Just before we reached the edge of the woods that flanked the bottom of the mountain, the asphalt was covered with a blanket of leaves. Christine stumbled reached out for my arm to catch her balance and swore. “I’m sorry. It was one of those nasty little balls!” “Nasty little balls?” “Yeah! Those trees,” she pointed to the closest liquid amber. “The seedpods are like a flail without the chain.” She reached down and picked up the culprit that caused her to nearly fall. “These nasty little balls have spikes, but worse, if you don’t notice them you can seriously twist an ankle.” She threw the nasty little ball off into the woods away from the well-worn path on which we had begun to walk. The wind subsided a bit as we entered the forest in earnest. The path rose and curved as it circumvented tree trunks, saplings sprouting on the verge of the path, and thorny bushes that were pushing shoots to the sunlight between the trees. It was quiet and noisy at the same time. Quiet as the lovely trees absorbed us; noisy with the sound of communicating birds. I took a deep breath enjoying the freshness of the clear air and the beauty around me. I was about to thank Christine on my exhale when she said, “I think someone is following me.” I turned abruptly and looked behind us. She said, “No, not right now. I mean like kind of stalking me. I keep seeing this black car with dark tinted windows outside or down the street from my house and outside and down the street from my club.” Her voice was a bit shaky; her eyes looking back over the canyon drop and the glinting stream that threaded along the ledge beneath the parking lot and wrapped itself around the Lab building. It was her turn to take a deep breath, and then exhale. Her voice steadied, “But worse than that, I just feel it. You know what I mean? I feel like someone is watching me.” “How awful! Can you think of any reason why someone would be?” “Well, I’ve thought it for a long time, but after that girl from the Lab was murdered last month I—” “What?” I interrupted. “I didn’t hear anything about that. Tell me.” “Yeah. I’m surprised you didn’t hear about it. It’s been all over the news. You filled her position. I filled in between her and you.” She kicked a pile of leaves that fluttered into the air. Most likely she was making sure there were no nasty little balls hiding within. My heart jumped and felt like it fluttered with the leaves, “Oh my! I suppose it was because I was pressing on with my thesis and studying for finals. That was stressful craziness. How was she murdered?” Christine took another breath to steady an obvious welling of emotion, “She was found strangled in her home.” I put my hand instinctively to my throat. “Strangled.” I repeated stupidly. “Are you OK? Come, sit here.” I motioned to a fallen log that had been worn shiny by weather and probably many Lab Rat bottoms. I sat mine down leaving room for Christine’s. “They don’t know if the attack was connected to the Lab. They took her laptop case, but she was just using it to bring home some other stuff. Her laptop was still docked here.” She pointed to the building. I looked at the building confusedly as if I could see a laptop behind the cement wall, “If they had gotten it though, they would not have been able to get any sensitive information because, as you know, our laptops don’t have hard drives.” “I know that and you know that, but maybe the murderer didn’t know that. Maybe he was trying to get something from her and now he’s looking for another way…” She studied her black manicure for a moment, “and another girl.” She folded her hands under her arms and shivered as if a chill ran through her shoulders. “I think it’s me. In fact I think he has, or they have, been watching me for a long time; probably at the same time he or they were watching her.” “Oh Christine!” I reached out to rub the outside of her arm. “That is so scary. Have you talked to the police?” “Ya.” She said evenly. “I called the Walnut Creek Police Department – her apartment is, er, was in Walnut Creek -- and asked for the detective that handled Brenda’s case. Brenda Arthur was her name. You took her place.” “You said that.” It was my turn to shiver. I felt a chill run from my shoulder blades up my neck to the base of my skill. “What do you mean? Was she in cyber security?” A huge brown spider lowered its shiny body down from a branch on a tree behind Christine. It was far enough away from her not to mention it. The spider’s creepy presence triggered a second shudder. “Ya.” She looked really sorry that she had told me. She searched my face to see if I looked upset. If she read correctly she would know that I was greatly distressed, but was at that moment more concerned for her safety rather than my own. She continued, “But, she didn’t sit where you do. She was on the floor above us over toward the windowless wall that has murals on it. All the floors are like that, like ours – with murals on the backside of the building – except the basement, which doesn’t have any windows at all.” The spider reached the ground and thankfully did a tiptoe dance in the opposite direction from us. I lost sight of it when it went around the trunk of the tree.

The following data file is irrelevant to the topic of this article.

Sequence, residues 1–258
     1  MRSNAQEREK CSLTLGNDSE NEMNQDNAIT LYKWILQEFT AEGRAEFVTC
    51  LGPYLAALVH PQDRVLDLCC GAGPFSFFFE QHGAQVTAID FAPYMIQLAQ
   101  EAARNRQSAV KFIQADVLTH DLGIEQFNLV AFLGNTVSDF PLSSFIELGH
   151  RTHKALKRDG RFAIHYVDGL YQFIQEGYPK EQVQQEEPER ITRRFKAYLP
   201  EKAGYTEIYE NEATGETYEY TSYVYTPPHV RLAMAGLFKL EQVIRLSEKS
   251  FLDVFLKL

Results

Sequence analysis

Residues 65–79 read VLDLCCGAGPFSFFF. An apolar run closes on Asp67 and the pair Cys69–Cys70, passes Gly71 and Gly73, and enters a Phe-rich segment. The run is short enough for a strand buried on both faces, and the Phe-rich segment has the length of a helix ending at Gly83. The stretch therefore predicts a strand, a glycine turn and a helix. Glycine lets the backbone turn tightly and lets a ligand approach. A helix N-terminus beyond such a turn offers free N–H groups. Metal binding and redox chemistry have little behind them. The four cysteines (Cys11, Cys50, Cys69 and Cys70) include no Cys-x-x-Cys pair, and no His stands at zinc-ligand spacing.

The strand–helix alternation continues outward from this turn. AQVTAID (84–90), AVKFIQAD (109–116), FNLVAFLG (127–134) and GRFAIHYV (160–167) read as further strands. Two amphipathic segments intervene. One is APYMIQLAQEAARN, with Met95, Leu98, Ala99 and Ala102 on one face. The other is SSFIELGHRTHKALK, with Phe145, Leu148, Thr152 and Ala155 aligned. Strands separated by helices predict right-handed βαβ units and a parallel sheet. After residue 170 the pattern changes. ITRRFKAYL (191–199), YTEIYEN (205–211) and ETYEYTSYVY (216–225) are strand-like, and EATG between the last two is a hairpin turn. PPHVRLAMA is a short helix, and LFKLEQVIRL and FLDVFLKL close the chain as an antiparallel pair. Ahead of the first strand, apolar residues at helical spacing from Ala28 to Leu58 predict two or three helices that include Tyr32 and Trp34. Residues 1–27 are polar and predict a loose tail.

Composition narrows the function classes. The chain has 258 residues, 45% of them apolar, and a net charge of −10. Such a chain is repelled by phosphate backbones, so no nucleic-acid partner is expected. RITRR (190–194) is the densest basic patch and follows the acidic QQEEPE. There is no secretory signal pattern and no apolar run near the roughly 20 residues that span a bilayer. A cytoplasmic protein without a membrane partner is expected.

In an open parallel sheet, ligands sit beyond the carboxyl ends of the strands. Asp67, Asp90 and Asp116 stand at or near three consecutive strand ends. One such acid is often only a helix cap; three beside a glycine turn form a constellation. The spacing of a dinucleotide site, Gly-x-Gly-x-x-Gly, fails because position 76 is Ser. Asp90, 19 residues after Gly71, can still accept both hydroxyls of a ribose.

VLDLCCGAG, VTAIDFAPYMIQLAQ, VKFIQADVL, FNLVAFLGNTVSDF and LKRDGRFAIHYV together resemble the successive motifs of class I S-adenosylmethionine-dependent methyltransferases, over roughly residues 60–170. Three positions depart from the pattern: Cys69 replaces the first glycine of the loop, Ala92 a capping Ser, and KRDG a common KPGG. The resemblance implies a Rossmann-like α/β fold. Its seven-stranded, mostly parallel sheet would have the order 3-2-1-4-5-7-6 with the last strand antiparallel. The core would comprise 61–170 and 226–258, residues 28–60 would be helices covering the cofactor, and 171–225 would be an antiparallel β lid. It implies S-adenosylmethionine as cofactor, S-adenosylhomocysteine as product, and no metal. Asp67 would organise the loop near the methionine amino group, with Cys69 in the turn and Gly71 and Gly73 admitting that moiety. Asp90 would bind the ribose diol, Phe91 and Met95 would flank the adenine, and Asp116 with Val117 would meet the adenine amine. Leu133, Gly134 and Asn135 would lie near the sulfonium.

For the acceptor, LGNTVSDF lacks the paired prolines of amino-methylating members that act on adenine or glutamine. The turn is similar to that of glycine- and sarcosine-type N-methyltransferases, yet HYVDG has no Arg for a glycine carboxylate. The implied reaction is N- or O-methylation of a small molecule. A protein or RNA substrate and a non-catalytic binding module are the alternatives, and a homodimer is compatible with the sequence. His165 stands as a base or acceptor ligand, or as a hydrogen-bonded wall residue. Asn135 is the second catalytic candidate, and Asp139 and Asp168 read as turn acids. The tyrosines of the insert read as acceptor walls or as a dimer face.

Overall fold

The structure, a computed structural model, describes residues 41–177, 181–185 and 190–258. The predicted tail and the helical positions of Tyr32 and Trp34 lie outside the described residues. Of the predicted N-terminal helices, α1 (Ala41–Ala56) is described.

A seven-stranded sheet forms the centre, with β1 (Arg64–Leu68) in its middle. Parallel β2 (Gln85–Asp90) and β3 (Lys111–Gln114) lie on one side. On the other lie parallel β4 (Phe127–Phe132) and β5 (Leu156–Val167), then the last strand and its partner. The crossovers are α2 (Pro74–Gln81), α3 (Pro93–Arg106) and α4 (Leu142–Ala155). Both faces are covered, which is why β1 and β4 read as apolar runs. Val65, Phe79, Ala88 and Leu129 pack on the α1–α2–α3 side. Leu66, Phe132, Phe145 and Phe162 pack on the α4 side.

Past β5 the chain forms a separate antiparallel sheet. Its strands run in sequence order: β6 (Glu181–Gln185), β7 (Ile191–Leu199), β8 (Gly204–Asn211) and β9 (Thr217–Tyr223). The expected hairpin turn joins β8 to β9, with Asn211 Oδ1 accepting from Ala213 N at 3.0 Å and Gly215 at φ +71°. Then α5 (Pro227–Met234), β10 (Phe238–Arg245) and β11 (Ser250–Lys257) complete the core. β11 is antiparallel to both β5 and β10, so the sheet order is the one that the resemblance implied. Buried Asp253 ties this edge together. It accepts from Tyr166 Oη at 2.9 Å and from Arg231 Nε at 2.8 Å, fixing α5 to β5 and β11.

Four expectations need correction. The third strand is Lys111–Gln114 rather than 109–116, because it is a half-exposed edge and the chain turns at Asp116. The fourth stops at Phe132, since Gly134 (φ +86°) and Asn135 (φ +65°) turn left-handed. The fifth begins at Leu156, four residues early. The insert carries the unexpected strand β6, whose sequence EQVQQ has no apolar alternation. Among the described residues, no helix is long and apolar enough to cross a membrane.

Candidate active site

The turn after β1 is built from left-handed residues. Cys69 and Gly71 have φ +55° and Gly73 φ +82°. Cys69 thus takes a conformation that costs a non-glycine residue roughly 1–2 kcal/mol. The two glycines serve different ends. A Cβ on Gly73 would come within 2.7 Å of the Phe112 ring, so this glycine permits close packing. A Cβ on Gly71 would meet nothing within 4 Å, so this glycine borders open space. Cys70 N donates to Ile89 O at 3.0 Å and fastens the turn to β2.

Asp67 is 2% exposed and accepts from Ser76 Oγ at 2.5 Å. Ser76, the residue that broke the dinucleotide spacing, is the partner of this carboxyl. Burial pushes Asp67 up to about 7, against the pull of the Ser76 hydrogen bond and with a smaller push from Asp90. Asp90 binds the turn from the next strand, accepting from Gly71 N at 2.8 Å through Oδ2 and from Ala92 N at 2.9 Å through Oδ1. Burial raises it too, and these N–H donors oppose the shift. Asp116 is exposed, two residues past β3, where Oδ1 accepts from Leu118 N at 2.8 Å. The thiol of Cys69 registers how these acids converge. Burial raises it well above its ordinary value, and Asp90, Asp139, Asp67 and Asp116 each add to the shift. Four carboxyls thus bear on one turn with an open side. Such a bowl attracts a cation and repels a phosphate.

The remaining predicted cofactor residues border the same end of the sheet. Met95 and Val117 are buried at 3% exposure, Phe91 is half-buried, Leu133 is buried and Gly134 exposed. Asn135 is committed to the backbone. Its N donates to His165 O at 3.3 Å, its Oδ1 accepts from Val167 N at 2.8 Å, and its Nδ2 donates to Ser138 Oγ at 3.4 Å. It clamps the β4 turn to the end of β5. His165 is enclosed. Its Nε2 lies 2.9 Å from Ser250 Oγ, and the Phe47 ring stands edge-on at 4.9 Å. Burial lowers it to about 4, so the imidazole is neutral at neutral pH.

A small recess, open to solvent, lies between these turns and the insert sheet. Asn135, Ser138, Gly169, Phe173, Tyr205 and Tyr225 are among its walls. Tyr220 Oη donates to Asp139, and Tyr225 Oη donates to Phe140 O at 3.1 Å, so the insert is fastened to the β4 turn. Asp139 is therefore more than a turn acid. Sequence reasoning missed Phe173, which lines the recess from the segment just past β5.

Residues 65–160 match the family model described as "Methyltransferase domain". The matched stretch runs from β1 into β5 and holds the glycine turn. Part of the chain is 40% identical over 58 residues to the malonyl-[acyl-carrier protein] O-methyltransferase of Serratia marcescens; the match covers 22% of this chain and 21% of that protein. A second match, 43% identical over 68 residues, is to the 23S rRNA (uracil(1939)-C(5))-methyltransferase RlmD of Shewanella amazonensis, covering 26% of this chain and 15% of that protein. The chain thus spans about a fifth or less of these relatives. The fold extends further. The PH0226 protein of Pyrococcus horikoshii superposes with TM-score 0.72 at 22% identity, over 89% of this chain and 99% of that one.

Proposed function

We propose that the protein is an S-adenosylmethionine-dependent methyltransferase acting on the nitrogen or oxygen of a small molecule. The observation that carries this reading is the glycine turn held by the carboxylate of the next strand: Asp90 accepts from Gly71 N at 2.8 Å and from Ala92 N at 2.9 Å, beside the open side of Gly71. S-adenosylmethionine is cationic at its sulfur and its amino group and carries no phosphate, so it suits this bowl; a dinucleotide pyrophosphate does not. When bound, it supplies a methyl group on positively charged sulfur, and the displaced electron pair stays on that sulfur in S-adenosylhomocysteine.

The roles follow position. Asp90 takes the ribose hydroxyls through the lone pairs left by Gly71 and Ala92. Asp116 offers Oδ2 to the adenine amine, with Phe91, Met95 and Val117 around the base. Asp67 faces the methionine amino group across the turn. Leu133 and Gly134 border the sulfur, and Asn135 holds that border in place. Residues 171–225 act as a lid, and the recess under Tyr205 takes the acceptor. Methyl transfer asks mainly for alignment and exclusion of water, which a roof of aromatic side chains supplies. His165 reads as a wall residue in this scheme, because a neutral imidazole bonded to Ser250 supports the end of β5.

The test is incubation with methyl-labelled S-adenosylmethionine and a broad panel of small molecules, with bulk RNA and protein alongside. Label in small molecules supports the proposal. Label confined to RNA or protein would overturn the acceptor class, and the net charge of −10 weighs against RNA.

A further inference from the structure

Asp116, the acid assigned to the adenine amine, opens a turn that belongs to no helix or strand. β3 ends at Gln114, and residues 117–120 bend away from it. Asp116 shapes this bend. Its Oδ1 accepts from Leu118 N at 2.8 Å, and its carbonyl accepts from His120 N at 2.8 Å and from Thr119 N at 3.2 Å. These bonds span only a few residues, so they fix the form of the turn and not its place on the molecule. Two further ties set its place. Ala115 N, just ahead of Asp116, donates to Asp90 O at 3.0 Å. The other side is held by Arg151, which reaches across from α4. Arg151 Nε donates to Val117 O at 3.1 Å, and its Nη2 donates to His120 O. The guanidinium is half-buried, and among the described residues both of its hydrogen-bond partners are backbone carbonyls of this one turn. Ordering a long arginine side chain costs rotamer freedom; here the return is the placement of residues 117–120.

Joan Bannan has written four nonfiction books. She lives in Northern California in a small city with too many roundabouts, in a home with too many birds. This is her first novel.
I loved this book. I didn't want to put it down. A great story about a sensitive soul in a high tech world. It would make a great gift for someone who craves wholesome reading.
This book was full of feeling, as it describes a young girl's journey through the early years of life and how the situations/struggles that occurred had impacted her adult life. I closely identified with the relationship between her and the elderly "grandma" figure, who provided a safe haven for her. The story had a nice build up into suspense and intrigue. Loved the ending with a full circle discovery of the actual truth of her past.
This book was written so it played like a movie in my head. I found I kept reading it chapter after chapter because it flowed in such a way I wanted to know more. Great book.